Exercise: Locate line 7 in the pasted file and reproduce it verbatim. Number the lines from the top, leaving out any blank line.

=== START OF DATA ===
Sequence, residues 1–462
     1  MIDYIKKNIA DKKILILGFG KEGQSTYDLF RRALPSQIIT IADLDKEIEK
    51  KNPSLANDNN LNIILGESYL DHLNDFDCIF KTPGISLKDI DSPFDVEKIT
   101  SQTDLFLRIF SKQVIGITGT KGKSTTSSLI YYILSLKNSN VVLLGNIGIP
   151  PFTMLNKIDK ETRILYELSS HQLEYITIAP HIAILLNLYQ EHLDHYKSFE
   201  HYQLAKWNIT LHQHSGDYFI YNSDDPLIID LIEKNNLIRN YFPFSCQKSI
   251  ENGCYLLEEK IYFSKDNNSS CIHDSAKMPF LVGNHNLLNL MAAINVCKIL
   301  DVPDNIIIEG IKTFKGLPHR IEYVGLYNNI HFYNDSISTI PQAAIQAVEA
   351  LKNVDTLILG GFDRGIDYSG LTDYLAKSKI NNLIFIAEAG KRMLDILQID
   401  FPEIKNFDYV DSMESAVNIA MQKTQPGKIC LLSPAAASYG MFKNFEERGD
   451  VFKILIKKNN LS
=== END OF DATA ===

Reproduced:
   251  ENGCYLLEEK IYFSKDNNSS CIHDSAKMPF LVGNHNLLNL MAAINVCKIL